Grab vs. Uber in the Philippines: Who's winning?
In the battle for customers and affordability among ride-sharing startups in the Philippines, Grab, which hails from Kuala Lumpur, seems to be ahead of San Francisco's Uber.
According to recent research by iPrice, a price comparison site, the cost of doing a five-kilometer trip on Grab in Manila is about 30 percent cheaper compared to Uber. In a recent test, iPrice found that it cost just $1.9 to cover five kms on Grab while a similar trip cost $2.7 on Uber. Travelling 20 kms via Grab also costs 13 percent less than Uber. The trip costs just $5.7 on Grab compared to $6.6 on Uber.
For both 5-km and 20-km trips, Grab's rates are also cheaper than the average taxi fare, according to iPrice.
Grab's cheaper rates seem to have won it more customers. According to a Philippine Star report published in August, Grab has more than a million users who have the mobile app on their phones. In contrast, Uber has around 600,000 users as of December, according to Lawrence Cua, Philippine country manager for the US ride sharing company. (Grab Philippines did not respond to requests for updated figures on the number of users in the Philippines.)
But Grab's slight edge in market reach comes at a hefty price for the Southeast Asian tech company.
MyTaxi.PH, Inc., the local firm running the Malaysian brand Grab, reported a net loss of Php2.2 billion in 2015, up from a loss of Php254 million the previous year, according to the company's financial statements on file with the Securities and Exchange Commission (SEC). In contrast, Uber Philippines reported a net income of Php5.9 million that year, almost four times the previous year's level, its financial statements showed.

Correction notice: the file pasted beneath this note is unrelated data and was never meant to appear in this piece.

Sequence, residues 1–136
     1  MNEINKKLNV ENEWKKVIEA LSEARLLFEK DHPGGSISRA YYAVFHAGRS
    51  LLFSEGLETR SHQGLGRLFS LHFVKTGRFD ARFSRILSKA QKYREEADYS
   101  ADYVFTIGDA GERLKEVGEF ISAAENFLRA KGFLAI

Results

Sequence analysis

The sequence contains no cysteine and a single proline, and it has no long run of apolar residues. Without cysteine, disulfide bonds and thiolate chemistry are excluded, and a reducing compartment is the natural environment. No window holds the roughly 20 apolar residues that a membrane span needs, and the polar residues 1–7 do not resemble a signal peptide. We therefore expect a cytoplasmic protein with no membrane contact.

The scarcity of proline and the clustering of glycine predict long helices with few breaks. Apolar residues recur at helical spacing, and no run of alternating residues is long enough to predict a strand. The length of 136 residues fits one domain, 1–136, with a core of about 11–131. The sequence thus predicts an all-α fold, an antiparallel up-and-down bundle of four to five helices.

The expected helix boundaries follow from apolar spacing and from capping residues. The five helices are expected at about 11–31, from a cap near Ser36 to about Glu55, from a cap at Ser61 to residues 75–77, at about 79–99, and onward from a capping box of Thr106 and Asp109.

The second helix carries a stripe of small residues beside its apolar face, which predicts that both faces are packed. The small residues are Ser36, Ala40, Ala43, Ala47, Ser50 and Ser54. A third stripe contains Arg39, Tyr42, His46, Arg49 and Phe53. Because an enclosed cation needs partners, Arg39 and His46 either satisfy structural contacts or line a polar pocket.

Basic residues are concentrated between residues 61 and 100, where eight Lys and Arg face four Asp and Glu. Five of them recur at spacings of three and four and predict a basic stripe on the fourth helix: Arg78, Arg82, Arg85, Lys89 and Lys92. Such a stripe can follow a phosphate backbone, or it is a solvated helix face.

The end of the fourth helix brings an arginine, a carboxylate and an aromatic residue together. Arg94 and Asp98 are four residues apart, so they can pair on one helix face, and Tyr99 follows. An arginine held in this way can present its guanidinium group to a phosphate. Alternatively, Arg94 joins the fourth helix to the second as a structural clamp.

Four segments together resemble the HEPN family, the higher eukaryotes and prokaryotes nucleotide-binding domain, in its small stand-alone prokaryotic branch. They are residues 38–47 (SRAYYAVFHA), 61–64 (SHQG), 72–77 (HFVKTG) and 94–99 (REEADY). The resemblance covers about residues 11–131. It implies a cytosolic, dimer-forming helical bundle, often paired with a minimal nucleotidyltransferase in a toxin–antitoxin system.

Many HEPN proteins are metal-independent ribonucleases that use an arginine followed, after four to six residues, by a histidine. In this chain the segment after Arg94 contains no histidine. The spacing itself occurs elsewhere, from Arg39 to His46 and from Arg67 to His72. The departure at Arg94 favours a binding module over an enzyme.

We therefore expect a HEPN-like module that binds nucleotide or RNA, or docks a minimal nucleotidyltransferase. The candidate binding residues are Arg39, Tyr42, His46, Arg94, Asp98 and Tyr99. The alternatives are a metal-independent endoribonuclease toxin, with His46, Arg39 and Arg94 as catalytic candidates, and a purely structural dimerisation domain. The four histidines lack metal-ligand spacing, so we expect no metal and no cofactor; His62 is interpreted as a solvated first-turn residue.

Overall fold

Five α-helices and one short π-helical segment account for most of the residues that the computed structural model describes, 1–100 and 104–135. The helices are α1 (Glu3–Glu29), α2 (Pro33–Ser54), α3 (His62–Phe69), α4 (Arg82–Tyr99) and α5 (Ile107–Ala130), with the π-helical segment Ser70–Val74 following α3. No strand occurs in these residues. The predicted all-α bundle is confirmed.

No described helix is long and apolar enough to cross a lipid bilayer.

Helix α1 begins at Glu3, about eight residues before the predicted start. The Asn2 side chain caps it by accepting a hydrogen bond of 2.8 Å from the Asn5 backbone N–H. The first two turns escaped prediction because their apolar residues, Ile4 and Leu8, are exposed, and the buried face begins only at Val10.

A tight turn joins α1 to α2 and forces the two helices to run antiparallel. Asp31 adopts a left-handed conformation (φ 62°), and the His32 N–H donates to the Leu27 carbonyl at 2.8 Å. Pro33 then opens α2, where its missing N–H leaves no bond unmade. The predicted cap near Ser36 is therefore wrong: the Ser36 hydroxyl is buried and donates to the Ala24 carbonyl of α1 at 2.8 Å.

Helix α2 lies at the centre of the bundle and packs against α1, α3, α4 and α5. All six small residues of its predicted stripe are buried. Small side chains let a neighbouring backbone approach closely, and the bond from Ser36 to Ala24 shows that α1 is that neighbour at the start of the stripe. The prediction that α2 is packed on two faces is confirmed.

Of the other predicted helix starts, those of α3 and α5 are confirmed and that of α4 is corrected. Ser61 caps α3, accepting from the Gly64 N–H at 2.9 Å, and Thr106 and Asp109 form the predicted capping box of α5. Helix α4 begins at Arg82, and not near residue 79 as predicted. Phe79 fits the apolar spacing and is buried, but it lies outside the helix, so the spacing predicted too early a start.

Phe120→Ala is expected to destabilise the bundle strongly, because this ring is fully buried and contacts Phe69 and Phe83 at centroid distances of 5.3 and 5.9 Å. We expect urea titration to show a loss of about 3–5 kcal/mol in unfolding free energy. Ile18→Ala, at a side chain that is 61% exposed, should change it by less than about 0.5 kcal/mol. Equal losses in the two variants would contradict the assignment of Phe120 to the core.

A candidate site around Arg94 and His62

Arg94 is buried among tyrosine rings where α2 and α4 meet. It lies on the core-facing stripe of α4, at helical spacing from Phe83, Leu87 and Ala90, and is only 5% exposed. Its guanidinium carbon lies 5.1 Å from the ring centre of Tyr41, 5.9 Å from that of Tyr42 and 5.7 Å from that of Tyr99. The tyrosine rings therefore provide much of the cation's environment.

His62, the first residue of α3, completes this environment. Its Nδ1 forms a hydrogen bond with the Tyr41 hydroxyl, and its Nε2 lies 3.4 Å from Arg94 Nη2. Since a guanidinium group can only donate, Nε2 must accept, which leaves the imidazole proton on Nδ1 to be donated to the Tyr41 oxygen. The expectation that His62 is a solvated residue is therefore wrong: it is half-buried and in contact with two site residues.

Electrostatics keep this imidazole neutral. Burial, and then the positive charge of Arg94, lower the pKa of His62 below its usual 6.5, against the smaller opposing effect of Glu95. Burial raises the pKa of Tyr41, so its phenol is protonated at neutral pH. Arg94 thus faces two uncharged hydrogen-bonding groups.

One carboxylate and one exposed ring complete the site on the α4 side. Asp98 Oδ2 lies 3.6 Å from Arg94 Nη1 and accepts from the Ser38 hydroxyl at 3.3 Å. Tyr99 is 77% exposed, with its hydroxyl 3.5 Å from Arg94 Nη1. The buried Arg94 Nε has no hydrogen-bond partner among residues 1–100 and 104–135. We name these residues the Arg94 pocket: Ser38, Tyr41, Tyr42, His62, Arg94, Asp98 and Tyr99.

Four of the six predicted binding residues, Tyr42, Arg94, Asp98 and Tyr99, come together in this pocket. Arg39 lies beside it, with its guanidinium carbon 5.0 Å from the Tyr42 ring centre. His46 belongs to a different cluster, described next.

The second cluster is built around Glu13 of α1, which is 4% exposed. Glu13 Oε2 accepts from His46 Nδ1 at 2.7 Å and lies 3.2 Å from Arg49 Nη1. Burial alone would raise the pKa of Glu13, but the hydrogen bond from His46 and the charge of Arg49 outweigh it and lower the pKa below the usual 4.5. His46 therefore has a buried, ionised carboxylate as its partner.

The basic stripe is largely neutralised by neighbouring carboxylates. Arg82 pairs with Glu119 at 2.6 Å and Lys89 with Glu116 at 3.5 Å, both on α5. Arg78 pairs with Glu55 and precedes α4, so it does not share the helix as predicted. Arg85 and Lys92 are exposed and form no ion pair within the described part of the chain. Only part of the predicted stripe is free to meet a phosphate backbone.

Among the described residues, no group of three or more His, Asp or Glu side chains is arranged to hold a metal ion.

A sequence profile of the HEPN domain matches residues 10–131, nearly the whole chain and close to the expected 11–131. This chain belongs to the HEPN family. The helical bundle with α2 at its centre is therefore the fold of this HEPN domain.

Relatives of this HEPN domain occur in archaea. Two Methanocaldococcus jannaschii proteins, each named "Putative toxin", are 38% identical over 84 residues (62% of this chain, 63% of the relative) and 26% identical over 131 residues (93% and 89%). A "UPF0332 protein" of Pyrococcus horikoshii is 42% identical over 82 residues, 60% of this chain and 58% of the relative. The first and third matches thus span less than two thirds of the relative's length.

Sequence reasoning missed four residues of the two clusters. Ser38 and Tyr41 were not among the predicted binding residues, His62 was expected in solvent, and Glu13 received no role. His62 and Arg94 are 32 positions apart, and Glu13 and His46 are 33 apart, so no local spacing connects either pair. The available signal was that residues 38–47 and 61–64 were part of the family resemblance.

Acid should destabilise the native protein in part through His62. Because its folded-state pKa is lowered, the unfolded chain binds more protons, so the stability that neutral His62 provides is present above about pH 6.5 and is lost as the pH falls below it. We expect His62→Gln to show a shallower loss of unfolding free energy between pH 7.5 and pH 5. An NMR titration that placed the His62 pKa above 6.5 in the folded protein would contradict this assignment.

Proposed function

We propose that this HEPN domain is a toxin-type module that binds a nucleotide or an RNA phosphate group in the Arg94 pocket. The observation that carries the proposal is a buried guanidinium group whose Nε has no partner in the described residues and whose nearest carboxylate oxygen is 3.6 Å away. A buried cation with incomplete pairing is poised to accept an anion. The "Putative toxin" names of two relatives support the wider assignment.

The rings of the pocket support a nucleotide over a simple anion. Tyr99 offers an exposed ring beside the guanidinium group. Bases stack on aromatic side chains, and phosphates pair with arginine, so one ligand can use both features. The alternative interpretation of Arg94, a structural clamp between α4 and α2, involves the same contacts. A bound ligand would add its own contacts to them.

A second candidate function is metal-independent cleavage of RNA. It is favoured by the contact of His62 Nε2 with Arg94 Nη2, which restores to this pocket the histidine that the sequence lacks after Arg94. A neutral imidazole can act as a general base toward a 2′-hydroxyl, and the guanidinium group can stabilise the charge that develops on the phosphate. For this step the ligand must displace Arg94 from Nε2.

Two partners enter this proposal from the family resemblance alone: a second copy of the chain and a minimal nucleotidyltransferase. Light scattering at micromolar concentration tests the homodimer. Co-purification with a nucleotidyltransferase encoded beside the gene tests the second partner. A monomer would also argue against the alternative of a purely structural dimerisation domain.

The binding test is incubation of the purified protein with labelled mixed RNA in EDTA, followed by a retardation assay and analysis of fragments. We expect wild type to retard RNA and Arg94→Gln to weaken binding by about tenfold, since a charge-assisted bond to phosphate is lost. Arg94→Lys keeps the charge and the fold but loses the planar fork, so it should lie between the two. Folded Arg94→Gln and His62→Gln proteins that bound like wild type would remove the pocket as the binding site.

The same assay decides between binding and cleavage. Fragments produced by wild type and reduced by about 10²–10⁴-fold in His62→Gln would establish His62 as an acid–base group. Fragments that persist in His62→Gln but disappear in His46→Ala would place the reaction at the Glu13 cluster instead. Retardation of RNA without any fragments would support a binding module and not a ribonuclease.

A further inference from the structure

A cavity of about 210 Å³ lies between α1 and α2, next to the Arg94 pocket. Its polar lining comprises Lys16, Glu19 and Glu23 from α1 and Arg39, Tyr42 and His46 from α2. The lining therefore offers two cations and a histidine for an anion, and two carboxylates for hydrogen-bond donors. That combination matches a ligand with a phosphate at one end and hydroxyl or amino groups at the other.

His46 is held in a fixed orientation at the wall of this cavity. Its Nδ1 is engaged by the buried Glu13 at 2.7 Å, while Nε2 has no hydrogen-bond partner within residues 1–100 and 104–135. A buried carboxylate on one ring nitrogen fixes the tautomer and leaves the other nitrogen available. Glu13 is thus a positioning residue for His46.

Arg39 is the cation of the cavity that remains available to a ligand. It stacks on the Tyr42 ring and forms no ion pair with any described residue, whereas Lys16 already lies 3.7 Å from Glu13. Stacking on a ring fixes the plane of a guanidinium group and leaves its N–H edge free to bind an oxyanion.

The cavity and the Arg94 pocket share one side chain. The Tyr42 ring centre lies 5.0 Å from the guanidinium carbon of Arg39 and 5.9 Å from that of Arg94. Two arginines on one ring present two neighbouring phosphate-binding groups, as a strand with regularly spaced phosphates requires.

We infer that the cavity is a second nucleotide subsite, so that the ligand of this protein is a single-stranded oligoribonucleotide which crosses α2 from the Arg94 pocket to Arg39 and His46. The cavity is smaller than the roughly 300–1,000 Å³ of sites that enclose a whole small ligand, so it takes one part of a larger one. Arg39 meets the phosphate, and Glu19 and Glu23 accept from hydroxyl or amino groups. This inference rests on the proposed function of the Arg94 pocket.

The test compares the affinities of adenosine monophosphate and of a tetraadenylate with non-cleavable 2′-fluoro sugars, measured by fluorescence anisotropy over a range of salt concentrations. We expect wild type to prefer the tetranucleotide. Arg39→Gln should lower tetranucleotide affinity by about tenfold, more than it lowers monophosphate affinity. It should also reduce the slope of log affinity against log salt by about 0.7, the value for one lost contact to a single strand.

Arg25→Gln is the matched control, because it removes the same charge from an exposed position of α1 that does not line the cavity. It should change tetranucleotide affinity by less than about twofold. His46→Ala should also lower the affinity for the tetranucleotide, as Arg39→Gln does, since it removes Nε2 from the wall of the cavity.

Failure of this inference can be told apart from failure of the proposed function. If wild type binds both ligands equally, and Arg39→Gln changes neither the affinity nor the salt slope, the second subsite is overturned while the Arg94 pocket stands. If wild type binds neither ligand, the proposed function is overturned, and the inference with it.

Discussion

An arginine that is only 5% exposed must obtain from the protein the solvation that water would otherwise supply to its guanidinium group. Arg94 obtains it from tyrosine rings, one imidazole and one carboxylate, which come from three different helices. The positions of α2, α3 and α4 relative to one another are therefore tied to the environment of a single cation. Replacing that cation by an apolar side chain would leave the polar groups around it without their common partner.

In large part, Grab Philippines' losses stem from its huge outlay for incentives for drivers, which reached Php1.3 billion in 2015 as well as marketing and promotional expenses that hit Php852.5 million. Meanwhile, general and administrative expenses reached Php156.5 million. It also suffered unrealized foreign exchange loss of Php94.5 million. Against these huge expense items, it reported an income of only Php418.4 million from service revenues, sale of goods and other income. (Grab Philippines did not respond to a request for comment on these figures.)
In comparison, Uber Philippines reported a lesser topline of Php218.4 million from sale of services. However, its costs and expenses amounted to only Php204.9 million, of which the biggest item is Php72.5 million representing the cost of mobile devices, fees and accessories. It is followed by personnel costs of Php51.1 million and rent expenses of Php19.9 million.
In an interview, Uber Philippines' Cua refused to comment directly on the company's financial performance but only said: “You have to remember that Uber’s a tech company and we’re very focused on providing technology that makes things more efficient." Cua also added that Uber is leveraging its global footprint in addressing its local market's transportation needs. "We don’t just solve these problems for our markets in Asia but also for Europe, for Latin America. That’s how we want to think about it.”
It remains to be seen how the two companies performed financially in 2016; the results won't be in until the second or third quarter next year. Meanwhile, the battle for market share continues, with Uber eyeing expansion in Philippine areas such as Davao, Baguio and Pampanga. "There’s Clark airport in Pampanga. We also want to service that," said Cua. "There are a lot of options, it’s just a question of timing."
This story originally appeared on Entrepreneur.com.ph.
* Minor edits have been made by the Esquiremag.ph editors.